Senate Passes Paycheck Protection Program and Health Care Enhancement Act
Yesterday afternoon, the Senate passed the Paycheck Protection Program and Health Care Enhancement Act by voice vote, a $484 billion coronavirus relief package colloquially known as the “COVID-19 3.5” package. The bill was attached as a substitute amendment for the entire text of H.R. 266, a previous House bill that was sent to the Senate but never acted upon. The measure now goes to the House for a vote on Thursday. It’s expected that a recorded vote will be needed to pass the legislation in that chamber, given that certain House members who objected to a voice vote on the CARES Act are likely to invoke the same parliamentary tactic.
The bill replenishes funding for the Small Business Administration’s (SBA) Paycheck Protection Program (PPP), while making some noteworthy modifications, including a requirement that portions of the program be set aside for smaller lenders, like state and federal credit unions and those serving “underbanked” communities. The bill also restores the SBA’s emergency loan program that is separate and apart from the SBA’s 7(a) loan program.
In addition, the bill includes significant funding for hospitals, set forth in a somewhat different manner from the conditions established in the CARES Act’s original hospital-based relief program. There is also $25 billion for the expansion of COVID-19 testing – with multiple allocations and set asides within that bucket.
For more information, here is our summary that details the provisions of the measure, the text of the bill, one pagers describing the bill’s PPP replenishment provisions and health care provisions, and a Dear Colleague letter Democratic Leader Chuck Schumer (D-NY) sent out explaining his understanding of the bill’s intent.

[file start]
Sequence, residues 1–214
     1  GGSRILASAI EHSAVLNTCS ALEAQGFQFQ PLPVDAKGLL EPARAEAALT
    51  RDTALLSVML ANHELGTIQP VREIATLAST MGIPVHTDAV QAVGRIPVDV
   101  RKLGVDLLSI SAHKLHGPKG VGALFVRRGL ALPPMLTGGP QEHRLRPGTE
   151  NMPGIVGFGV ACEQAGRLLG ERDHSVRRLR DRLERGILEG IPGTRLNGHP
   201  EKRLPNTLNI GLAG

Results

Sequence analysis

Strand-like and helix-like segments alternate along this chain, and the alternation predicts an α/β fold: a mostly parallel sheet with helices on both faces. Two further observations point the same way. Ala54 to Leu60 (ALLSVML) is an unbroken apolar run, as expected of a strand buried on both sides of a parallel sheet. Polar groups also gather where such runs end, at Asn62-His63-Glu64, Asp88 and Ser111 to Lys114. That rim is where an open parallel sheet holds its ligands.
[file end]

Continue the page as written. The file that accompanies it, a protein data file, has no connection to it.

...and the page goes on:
One outstanding issue is how Congress will address further funds for states and localities. State and local governments are eligible for some of the testing funds provided in this measure, and Senator Schumer did say that states and local governments can expect to receive more funds in the next legislative package (also known as COVID-19 4). Schumer also said that both the President and Secretary Mnuchin had pledged their support for those funds, and that the Administration would permit state and local governments to use these funds to replenish depleted revenues in their budgets. Though no bill language to that effect is included in COVID-19 3.5, the President did tweet his support for this concept. However, it remains to be seen if funds included in the CARES Act will be allowed to be used for this purpose. Guidance on the use of those funds is expected by week’s end.
As with the CARES Act, agencies will provide significant guidance on this bill’s implementation, and we will keep you updated. Should you have questions, please let our team know so we may seek clarity (or advocate for your preferred outcome) from the federal agency in question or the White House.
With debate centering on when and how to re-open the country, we encourage you to look at this interview with the Director of the CDC about the potential for a far more deadly 2nd wave of COVID-19 that some expect this winter.
The Current Whipsaw in Labor Law: Recent NLRB Developments and the Direction of the Biden Administration
While President Biden makes historic decisions, such as the firing of the NLRB’s General Counsel in January, many employers are wondering what impact “Biden’s NLRB” will have on their workforce. As new board members are confirmed, what changes should employers expect from the new NLRB?
FAQs: Mandatory COVID-19 Vaccines and the Automotive & Manufacturing Industries
Join us for a presentation where we will share the considerations, implications, and answer your frequently asked questions surrounding the implementation of mandatory COVID-19 vaccines.